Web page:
This past week took me to Marrakech, Morocco for the World Bank-IMF Annual Meetings. The trip was a personal journey of sorts, following in the footsteps of my great-grandfather, a scholar of the Arabic language and Islamic culture who walked the streets of the city a century ago. His life devoted to study and teaching was emblematic of the emphasis my family has put on investments in people, a legacy I carry in my new job as manager of the Bank’s Human Capital Project.
At the meetings, my team organized a closed-door event with 32 finance ministers and a subsequent public panel, both focused on the link between human capital and jobs. By “human capital” we mean knowledge, skills, and good health.
That link starts with basic math and literacy. Almost any job that can support a high quality of life requires these skills. And yet, astoundingly, almost 70% of 10-year-olds in low- and middle-income countries cannot read and understand a simple text! (This “learning poverty” measure has been a global initiative of the World Bank, UNESCO, and UNICEF; I recently wrote a paper examining the measure in the context of Colombia). The number one way to pave the way to good jobs is ensuring that children emerge from schools with foundational skills. For this reason, the World Bank is funding 77 projects around the globe to boost learning in primary schools.
Education, however, isn’t enough, and certainly not for women. On the bright side, women are now more educated than men in more than 100 countries, though girls’ schooling remains short-changed in many low-income countries. But too many women find a “no entry” sign on the road to a job. Their obstacles include outright discrimination, social norms, and a lack of childcare options. The World Bank is leading efforts to tear down these barriers and connect women to good jobs. For example, we have a new fund that is fueling childcare programs in Bangladesh, Mozambique, and Honduras. Programs like these can empower women to put their human capital to good use.
Human capital is also tied to jobs through entrepreneurship. Simply put, people create jobs. We heard at our public event from two entrepreneurs, Amal Hassan, founder of Outsource Global, and Basima Abdulrahman, founder of KESK, a solar energy company. Both women highlighted how they started their journeys to entrepreneurship with schooling—for Ms. Hassan with study at a technical institute in northern Nigeria, and for Ms. Abdulrahman at public schools in Iraq. They later acquired more skills while working as employees before launching their companies. The World Bank promotes entrepreneurs like them in the countries where we work. For example, the World Bank hosts the Women Entrepreneurs Finance Initiative, which has lent a hand to some 170,000 women-led small businesses in 67 countries.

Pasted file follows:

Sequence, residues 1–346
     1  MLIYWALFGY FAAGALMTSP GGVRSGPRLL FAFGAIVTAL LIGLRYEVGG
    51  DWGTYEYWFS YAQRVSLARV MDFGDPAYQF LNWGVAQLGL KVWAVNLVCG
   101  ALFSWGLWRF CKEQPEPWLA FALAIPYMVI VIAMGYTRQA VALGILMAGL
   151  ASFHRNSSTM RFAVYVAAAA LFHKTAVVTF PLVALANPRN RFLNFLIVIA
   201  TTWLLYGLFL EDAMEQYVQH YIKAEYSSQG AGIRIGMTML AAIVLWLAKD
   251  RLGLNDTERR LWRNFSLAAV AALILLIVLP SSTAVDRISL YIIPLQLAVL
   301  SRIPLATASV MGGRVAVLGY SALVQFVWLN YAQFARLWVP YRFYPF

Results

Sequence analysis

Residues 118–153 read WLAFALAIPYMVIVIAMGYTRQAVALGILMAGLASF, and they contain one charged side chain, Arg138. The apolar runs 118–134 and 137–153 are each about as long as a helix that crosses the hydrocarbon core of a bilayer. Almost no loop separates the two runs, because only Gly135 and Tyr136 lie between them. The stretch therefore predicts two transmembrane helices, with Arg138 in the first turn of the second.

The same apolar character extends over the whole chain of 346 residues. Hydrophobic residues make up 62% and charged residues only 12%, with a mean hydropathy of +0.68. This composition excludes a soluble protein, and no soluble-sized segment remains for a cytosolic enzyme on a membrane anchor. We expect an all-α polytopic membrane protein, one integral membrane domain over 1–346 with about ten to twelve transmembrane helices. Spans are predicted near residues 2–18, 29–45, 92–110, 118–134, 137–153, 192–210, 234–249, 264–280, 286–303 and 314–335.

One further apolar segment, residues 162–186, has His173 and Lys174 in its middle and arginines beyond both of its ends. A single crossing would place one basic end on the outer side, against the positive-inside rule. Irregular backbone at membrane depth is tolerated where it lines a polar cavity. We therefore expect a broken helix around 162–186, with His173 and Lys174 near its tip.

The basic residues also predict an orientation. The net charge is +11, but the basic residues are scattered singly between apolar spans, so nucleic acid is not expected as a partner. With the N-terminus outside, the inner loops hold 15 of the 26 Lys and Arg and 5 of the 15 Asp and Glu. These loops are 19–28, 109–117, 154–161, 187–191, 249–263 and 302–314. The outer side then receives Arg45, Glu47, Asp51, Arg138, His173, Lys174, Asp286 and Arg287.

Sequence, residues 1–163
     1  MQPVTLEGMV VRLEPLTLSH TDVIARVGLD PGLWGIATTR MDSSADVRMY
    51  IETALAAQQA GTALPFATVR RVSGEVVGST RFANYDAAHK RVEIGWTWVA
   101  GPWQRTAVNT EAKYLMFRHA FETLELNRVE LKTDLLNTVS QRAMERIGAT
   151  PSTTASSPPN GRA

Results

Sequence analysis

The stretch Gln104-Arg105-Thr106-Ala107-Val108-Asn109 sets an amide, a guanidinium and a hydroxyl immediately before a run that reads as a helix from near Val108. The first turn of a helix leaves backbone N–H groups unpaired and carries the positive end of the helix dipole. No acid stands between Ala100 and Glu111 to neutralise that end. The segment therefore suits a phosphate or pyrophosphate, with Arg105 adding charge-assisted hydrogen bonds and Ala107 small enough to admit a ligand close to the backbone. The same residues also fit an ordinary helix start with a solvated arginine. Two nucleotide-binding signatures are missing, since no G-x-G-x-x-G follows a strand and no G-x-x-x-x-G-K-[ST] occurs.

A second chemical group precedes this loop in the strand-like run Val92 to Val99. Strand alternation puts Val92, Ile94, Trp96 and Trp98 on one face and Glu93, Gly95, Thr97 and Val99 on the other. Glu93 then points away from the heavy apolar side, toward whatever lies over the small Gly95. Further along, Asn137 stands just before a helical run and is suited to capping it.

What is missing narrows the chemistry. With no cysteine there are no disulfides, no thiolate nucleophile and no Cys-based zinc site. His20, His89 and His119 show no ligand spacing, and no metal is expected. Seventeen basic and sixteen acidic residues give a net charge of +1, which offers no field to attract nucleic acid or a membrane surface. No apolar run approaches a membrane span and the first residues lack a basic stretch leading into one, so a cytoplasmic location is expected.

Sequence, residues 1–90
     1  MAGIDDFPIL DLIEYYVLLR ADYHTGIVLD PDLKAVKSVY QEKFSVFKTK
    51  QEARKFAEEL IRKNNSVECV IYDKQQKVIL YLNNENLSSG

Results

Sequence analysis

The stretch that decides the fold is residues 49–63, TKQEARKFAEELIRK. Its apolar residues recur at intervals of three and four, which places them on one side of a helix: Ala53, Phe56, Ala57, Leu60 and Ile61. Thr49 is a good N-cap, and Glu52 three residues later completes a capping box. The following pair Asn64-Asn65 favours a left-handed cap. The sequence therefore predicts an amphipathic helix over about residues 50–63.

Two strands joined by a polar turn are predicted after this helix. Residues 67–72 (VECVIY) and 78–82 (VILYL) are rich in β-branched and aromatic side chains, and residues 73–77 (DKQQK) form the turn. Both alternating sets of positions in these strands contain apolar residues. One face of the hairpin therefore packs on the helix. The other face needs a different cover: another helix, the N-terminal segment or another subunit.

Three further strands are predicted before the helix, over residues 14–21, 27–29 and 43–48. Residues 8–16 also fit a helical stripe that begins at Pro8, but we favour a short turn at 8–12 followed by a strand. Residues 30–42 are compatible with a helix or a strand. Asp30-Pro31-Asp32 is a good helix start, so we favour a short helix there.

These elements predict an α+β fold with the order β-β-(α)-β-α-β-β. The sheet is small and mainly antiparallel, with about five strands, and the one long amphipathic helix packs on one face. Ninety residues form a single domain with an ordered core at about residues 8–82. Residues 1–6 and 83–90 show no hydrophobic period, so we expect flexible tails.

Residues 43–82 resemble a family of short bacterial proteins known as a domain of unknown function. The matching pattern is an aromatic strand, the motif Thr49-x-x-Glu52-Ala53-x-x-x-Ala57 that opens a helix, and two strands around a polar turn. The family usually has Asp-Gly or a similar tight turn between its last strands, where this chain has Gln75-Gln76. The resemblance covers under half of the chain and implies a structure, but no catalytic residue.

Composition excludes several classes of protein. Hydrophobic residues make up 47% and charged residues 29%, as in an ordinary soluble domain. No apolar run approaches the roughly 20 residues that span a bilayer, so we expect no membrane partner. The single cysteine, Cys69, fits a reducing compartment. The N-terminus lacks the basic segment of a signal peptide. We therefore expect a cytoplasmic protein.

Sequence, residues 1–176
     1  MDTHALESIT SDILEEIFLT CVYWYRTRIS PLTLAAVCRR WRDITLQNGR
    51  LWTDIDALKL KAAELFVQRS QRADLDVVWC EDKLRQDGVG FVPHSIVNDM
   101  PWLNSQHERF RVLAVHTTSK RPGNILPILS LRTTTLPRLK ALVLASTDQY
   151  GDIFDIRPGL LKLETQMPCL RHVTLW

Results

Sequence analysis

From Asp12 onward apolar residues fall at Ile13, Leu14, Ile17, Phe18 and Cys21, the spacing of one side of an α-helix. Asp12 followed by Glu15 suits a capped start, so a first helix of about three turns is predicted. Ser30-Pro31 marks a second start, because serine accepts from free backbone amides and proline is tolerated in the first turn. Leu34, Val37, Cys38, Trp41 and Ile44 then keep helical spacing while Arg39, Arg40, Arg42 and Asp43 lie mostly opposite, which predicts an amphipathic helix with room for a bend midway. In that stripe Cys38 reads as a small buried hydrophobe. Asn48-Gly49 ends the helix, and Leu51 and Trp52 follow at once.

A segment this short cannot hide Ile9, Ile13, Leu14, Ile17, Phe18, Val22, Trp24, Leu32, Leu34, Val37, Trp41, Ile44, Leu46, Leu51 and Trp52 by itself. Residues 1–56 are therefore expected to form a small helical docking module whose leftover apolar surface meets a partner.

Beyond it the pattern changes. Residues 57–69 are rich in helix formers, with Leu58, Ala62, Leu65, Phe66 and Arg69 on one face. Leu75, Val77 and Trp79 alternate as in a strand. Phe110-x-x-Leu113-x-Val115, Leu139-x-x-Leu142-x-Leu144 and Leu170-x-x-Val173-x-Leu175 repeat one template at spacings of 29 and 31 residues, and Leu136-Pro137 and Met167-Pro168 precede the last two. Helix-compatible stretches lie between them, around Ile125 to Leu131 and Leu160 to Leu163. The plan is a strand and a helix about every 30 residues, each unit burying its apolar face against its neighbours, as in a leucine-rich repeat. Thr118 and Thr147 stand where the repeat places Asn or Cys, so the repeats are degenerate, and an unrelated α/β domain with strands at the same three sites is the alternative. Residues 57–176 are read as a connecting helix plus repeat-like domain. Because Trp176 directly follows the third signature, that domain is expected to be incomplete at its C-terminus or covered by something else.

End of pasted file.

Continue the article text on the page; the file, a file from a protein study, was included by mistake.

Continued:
The two women also spoke about how they invest in their employees through training. This is a hugely important and neglected issue for development. A recent paper looked at how much differences in education and experience explain the income gap between rich and poor countries. About one-third is explained by education and another one-third by experience, which reflects in part the skills people acquire on the job. But the returns to experience—how much incomes go up with accumulated time working—are much flatter in poorer countries. Why this is and what can be done about it are topics we will tackle in an upcoming World Bank flagship report on human capital.
The conversations at the meetings reminded us how investing in people is central to job creation and indeed to so much else of what we’re trying to do at the World Bank. As Theodore Schultz, the father of human capital theory said in his 1961 presidential address to the American Economic Association: “Truly, the most distinctive feature of our economic system is the growth in human capital.” I leave Marrakech freshly committed to the Human Capital Project team’s work to inspire, inform, and influence investments in people.
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